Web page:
Pregnancy, obesity, frequent straining and other factors can contribute to pelvic floor dysfunction, a constellation of disorders that affect millions of women, particularly with age. Pelvic floor tightness is one of the most common consequences, leading to pelvic pain, urinary dysfunction and other issues.
Fortunately, simple stretches can be a good first step to help loosen up the pelvic floor and entire pelvic region. Here are three great ones you can do in the comfort of your own home:
Piriformis Stretch: Lie on your back with both knees bent. Cross one leg over the other knee in a fixed position so the foot rests on the lower thigh, just above the kneecap. Hold the back of the uncrossed leg and pull it toward your chest until you feel a stretch in the opposite buttock (where the piriformis muscle is located). You also can do this stretch in a seated position: sit upright and lean forward with your chest to increase the stretch.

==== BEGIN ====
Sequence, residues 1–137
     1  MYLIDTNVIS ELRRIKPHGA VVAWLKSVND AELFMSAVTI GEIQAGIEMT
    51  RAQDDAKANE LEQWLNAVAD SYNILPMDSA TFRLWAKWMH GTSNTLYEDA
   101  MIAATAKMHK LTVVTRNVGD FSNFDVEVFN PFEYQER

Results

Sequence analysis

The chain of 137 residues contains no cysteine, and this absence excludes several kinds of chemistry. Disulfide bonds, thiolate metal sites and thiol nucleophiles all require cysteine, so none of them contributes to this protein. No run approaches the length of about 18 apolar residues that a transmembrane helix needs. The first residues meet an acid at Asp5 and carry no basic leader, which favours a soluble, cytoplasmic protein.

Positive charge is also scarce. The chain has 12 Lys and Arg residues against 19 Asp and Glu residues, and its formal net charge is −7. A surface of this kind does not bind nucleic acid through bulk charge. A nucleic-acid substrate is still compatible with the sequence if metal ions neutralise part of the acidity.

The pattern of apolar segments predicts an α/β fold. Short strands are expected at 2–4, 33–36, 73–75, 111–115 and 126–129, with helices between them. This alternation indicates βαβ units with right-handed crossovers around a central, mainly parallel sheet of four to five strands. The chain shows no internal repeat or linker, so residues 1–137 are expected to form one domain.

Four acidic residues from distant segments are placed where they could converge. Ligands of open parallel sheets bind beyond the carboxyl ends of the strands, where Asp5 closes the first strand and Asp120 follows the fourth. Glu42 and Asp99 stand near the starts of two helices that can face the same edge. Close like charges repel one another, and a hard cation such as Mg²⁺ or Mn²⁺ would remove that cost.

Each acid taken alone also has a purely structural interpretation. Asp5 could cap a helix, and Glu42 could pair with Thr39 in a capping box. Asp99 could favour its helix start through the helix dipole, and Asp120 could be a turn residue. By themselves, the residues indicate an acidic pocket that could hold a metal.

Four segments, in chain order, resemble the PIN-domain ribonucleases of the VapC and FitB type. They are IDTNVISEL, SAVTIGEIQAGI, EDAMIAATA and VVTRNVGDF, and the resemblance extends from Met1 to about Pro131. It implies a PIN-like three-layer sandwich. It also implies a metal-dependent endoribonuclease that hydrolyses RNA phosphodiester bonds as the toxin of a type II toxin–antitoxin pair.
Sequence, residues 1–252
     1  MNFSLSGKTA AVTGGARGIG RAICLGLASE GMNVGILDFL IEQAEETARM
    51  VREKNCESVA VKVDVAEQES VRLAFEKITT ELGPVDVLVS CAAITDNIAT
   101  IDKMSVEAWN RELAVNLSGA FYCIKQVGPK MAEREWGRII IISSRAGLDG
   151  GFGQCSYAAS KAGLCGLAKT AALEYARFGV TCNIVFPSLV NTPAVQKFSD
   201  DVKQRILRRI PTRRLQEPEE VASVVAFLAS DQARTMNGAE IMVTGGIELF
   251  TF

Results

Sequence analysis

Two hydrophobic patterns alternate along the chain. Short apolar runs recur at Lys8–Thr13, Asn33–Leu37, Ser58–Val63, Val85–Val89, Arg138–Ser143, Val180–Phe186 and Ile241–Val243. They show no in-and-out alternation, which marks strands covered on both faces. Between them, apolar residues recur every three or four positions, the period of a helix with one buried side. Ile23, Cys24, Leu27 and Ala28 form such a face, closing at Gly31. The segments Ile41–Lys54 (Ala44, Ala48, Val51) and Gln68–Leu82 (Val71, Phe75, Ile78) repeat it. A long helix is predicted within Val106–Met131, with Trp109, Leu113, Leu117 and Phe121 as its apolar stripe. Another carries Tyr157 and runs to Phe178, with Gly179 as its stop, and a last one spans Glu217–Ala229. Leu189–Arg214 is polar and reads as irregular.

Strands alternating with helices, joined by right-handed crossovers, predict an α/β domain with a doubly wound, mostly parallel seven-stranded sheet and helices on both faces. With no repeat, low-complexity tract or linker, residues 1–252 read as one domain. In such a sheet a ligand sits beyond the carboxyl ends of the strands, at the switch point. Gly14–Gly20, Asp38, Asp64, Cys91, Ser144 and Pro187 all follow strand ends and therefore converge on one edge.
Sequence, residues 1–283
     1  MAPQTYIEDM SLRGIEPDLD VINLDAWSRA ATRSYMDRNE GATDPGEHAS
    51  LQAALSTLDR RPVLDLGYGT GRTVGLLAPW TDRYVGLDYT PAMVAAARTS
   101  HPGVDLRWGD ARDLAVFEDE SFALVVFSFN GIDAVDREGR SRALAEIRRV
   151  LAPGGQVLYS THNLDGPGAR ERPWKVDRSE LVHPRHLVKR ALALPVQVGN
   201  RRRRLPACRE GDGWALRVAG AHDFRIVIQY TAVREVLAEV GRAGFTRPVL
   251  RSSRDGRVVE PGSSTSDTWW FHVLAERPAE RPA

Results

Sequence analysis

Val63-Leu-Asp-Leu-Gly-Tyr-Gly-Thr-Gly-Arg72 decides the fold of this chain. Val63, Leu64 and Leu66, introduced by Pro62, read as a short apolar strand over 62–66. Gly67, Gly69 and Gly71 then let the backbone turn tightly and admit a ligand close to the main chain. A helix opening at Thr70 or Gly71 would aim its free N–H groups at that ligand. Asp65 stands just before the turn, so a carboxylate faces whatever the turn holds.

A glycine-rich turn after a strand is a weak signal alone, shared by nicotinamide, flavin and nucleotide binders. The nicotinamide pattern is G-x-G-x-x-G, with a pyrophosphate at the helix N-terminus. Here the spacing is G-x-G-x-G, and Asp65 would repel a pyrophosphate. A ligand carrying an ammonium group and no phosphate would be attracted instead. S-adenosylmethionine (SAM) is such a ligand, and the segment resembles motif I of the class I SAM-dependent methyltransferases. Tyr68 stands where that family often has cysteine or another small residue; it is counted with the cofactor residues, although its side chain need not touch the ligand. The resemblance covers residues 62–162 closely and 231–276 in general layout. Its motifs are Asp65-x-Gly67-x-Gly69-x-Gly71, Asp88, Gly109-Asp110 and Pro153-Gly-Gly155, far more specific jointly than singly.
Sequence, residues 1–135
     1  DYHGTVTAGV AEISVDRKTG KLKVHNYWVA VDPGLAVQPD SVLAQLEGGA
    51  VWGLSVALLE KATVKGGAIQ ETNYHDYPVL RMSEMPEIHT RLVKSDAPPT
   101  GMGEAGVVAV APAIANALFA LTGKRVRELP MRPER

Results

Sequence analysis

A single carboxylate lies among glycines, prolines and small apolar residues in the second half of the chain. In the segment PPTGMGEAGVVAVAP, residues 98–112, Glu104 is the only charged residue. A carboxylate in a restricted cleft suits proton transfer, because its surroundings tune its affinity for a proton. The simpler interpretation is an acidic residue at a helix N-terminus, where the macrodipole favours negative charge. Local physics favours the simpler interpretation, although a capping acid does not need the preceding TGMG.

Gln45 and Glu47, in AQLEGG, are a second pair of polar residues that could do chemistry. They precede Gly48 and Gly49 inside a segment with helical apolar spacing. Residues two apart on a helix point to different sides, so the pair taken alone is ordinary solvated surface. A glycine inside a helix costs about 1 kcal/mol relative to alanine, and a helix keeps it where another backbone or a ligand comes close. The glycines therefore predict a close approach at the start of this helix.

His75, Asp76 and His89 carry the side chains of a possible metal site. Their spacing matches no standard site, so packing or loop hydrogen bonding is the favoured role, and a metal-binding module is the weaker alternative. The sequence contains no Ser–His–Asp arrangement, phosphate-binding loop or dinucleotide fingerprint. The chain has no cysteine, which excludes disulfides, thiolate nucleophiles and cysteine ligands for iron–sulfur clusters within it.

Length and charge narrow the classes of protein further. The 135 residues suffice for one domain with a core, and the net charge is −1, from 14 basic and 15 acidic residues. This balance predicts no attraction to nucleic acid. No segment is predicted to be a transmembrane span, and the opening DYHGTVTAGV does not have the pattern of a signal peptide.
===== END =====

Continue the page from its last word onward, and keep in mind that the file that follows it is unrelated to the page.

Kneeling Hip Flexor Stretch: In a half-kneeling position with the front leg bent 90 degrees (as if you’re doing a lunge), squeeze the glute muscle of the back leg, relax and repeat. Keep a straight spine with head facing forward. If you’re doing this properly, you should feel the stretch in the hip flexor muscle, down the front of your back leg where the thigh meets the hip. (To increase the stretch, progress to elevating the back foot up on a stable surface, such as a wall or short bench.
Quadruped Adductor Rocks: On your hands and knees, slide your knees out as far as you can tolerate, keeping the heels of your feet together. Then sit back slowly, as if you’re attempting to touch your buttocks to your feet. Keep your spine straight throughout. Take a deep breath, sit up and repeat.
All three of these stretches can be performed for 30 seconds at a time and repeated during the day as needed. Of course, talk to your doctor first if you are experiencing signs and symptoms of pelvic floor dysfunction so they can evaluate you and determine the best course of action.